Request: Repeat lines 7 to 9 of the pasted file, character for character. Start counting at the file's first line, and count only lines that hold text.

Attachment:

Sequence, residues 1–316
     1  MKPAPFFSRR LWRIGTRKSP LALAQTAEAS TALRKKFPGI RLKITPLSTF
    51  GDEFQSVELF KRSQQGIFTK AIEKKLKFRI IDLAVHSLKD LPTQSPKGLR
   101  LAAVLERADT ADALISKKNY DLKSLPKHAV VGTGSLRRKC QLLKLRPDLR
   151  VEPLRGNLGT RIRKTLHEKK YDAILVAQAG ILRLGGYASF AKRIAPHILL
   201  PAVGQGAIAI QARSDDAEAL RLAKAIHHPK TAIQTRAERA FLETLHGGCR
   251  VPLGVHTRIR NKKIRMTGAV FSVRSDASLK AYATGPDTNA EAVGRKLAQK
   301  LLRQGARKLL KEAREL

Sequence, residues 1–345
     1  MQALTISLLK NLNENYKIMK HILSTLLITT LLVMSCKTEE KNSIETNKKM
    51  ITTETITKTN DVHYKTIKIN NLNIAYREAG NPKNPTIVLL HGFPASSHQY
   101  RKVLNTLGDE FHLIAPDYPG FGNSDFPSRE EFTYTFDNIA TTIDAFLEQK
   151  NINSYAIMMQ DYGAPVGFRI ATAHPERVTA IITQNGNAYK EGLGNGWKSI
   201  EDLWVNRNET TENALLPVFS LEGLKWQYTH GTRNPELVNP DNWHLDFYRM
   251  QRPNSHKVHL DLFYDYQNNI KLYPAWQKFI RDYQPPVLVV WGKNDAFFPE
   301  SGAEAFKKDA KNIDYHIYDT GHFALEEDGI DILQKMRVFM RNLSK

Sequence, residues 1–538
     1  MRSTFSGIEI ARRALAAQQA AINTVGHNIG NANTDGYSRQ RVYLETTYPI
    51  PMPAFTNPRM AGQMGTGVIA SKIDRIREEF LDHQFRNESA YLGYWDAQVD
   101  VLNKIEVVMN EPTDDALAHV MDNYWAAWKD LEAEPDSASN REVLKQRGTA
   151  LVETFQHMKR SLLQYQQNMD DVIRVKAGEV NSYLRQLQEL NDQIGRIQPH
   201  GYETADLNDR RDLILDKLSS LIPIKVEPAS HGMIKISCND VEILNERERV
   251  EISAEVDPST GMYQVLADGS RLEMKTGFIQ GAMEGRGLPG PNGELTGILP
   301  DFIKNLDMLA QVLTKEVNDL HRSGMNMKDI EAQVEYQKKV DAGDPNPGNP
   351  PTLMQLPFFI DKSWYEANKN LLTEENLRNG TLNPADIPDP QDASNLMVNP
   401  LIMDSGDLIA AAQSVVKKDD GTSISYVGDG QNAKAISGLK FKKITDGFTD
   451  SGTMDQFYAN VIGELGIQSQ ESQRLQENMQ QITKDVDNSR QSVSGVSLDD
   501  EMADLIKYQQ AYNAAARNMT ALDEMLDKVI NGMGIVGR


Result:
   251  VPLGVHTRIR NKKIRMTGAV FSVRSDASLK AYATGPDTNA EAVGRKLAQK
   301  LLRQGARKLL KEAREL

Sequence, residues 1–345